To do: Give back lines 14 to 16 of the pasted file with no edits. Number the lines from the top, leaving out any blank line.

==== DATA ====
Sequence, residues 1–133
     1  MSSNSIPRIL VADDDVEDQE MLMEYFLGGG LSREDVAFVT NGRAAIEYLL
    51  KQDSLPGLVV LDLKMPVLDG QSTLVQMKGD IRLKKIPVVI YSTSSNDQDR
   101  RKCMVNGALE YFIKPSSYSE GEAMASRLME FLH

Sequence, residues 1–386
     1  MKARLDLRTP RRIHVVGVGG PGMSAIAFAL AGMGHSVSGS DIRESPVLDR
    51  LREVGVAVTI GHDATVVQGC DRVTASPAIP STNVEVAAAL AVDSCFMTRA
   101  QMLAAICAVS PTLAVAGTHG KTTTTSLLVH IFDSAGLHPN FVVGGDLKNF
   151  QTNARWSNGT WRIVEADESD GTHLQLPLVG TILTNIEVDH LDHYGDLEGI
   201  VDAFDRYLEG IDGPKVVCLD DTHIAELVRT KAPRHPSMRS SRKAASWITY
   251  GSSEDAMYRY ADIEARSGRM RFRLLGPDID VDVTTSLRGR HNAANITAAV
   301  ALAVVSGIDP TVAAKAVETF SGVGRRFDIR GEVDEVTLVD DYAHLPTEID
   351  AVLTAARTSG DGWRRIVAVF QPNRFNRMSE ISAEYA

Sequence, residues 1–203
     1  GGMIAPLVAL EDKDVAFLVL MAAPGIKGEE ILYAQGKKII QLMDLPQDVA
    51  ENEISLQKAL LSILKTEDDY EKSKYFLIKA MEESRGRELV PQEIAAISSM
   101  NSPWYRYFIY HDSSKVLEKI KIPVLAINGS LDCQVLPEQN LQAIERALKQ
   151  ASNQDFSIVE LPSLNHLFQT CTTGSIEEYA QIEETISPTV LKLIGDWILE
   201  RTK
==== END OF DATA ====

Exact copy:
Sequence, residues 1–203
     1  GGMIAPLVAL EDKDVAFLVL MAAPGIKGEE ILYAQGKKII QLMDLPQDVA
    51  ENEISLQKAL LSILKTEDDY EKSKYFLIKA MEESRGRELV PQEIAAISSM